There may be a sense of despondency about the pandemic and its impact, but the growth in digital capacity across the charity sector has been nothing short of remarkable. And this is only the beginning. Many charities are now planning even more ambitious digital capacity to advance their mission and better serve their communities. 

Another area of notable growth and achievement is the way organisations engage with and support staff to fulfil their roles. This is not just about remote working and adjusting to the many demands on staff as they try to support their families and others through the pandemic, but about adopting a much more holistic person centred approach to human resources management (HR).

For a long time, HR specialists have talked about the need to shift the focus beyond considerations of how a work role is or isn’t being fulfilled, to consideration of all the factors that inform staff engagement and performance. Through the pandemic and associated lockdowns, HR has undergone a fundamental shift and enabled staff to have a much greater level of input into how their work is structured. Across the whole charity sector we are seeing unprecedented levels of flexibility and innovative ways to drive workforce collaboration and performance. 

There are countless examples of staff management innovation across our sector from four-day weeks to virtual drop-in centres for staff. As with the digital transformation of the sector, the genie is out of the bottle and staff focused HR is now becoming a centrepiece in the way many charities and community groups are operating.

There are other areas of reform that are worthy of acknowledgement within our sector, but if we are talking about seeing the flowers in a pandemic landscape, I think it is important to highlight the notable shift in community perceptions of the value of human service provision.

New polling released this week by the Centre for Policy Research (CPR) has again shown “a five-point year-on-year rise in support for the idea that the primary purpose of government is to improve overall wellbeing and a seven-point drop in the number of respondents saying government should prioritise public safety and the rule of law”.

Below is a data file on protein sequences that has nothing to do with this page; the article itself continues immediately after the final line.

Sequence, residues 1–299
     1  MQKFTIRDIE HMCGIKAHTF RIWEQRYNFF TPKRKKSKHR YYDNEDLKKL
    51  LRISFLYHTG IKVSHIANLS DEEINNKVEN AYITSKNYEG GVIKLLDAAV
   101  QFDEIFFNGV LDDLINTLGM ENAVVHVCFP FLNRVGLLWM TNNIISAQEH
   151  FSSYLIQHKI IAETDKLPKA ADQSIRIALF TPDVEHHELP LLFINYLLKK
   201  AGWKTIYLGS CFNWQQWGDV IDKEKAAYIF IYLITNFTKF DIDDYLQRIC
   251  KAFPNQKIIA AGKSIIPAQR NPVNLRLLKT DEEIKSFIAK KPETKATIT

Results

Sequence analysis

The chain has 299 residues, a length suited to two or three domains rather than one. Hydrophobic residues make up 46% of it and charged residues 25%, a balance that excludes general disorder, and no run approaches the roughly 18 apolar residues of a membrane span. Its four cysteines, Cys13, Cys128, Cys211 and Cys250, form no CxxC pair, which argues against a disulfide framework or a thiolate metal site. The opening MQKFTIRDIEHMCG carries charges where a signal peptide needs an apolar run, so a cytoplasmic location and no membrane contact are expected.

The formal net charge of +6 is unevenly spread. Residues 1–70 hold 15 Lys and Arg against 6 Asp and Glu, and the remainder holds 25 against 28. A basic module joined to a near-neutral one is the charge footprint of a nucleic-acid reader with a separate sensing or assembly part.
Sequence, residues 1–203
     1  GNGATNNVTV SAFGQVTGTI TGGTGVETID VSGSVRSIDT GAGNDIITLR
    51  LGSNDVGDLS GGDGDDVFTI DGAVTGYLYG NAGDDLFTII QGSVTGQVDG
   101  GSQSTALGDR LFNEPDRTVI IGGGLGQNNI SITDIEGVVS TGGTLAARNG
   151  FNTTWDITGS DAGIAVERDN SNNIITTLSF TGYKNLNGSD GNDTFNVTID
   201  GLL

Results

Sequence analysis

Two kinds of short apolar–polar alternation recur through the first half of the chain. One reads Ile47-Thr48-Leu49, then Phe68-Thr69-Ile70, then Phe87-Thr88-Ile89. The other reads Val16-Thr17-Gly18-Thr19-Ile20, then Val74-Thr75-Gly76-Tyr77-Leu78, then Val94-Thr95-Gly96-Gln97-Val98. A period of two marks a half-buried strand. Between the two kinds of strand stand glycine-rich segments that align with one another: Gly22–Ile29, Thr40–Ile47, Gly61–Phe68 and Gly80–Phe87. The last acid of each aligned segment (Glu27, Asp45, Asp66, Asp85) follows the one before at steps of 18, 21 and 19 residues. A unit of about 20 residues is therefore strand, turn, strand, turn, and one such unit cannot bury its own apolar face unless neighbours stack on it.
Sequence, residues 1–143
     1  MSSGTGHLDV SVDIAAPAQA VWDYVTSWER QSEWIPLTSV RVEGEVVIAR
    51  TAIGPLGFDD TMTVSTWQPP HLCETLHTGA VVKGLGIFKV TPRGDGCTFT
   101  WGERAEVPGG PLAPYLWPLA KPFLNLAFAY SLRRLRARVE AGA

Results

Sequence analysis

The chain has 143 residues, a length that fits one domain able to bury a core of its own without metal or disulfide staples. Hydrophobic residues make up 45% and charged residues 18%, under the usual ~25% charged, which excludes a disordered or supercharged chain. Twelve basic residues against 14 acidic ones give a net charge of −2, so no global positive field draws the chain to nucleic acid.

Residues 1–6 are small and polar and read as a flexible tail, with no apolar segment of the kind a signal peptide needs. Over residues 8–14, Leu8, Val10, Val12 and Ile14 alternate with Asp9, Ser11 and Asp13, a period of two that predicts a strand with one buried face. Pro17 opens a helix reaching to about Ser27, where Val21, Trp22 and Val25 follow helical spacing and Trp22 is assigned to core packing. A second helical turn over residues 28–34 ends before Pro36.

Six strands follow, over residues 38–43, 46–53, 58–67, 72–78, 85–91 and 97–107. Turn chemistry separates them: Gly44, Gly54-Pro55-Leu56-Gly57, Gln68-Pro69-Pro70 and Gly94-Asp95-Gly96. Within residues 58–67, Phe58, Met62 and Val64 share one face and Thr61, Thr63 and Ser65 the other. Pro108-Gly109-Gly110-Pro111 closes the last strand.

Travers McLeod, CEO of CPR, said this week that, “Since COVID has revealed the critical weaknesses in our service systems people have become even more forthright in their views, not just about the purpose of government, but about the need for government to maintain and deliver the social infrastructure at the heart of our nation.” 

Issues like aged care, disability, childcare, education are all much more important to Australians now than ever before. Rightly so given our collective pandemic experiences, and herein lies an opportunity. 

While the charity sector continues to push through, to do excellent work, to continue to serve its communities despite all the challenges, we should also take the time to recognise both what has been achieved and what lies ahead if we choose to cultivate the seeds of change. 

If we are prepared to speak out, to leverage what we do to drive ongoing reform across our sector and beyond, we can build flourishing communities and help deliver the kind of Australia we want to live in. Never has our work been more critical to our future!


David Crosbie  |  @DavidCrosbie2

David Crosbie is the CEO of the Community Council for Australia (CCA).